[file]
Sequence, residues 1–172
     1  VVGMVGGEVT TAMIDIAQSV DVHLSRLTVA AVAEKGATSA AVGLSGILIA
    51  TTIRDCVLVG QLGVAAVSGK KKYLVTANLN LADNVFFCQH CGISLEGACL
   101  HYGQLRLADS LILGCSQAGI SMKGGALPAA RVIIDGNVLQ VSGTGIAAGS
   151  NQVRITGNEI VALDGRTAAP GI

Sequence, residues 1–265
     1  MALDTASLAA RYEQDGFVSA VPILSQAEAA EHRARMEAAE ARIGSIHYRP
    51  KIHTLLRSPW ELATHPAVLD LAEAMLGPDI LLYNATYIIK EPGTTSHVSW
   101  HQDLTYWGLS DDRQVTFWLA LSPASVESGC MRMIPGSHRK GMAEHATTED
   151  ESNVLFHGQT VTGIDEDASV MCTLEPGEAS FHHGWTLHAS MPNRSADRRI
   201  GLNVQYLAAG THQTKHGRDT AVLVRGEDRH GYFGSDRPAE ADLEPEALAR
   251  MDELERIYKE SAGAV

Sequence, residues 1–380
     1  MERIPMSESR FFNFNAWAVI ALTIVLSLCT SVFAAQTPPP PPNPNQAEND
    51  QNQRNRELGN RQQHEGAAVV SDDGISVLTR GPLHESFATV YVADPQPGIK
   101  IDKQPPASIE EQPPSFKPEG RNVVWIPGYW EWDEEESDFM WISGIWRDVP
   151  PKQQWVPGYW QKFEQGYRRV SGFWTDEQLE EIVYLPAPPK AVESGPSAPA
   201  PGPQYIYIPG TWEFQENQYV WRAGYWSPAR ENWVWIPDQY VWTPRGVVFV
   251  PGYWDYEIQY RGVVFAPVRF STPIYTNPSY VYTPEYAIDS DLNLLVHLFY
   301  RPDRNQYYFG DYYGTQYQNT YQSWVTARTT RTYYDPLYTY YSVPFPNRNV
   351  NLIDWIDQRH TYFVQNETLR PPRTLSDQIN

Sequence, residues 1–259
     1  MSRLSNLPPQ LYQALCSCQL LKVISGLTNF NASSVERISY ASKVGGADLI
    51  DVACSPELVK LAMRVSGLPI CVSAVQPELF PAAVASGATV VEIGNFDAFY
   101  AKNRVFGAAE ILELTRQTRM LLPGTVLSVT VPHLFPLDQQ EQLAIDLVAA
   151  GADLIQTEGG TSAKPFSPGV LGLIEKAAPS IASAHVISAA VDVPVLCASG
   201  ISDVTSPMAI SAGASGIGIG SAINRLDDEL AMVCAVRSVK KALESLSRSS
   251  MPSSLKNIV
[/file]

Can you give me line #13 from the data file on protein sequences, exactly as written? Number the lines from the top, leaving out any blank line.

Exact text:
Sequence, residues 1–380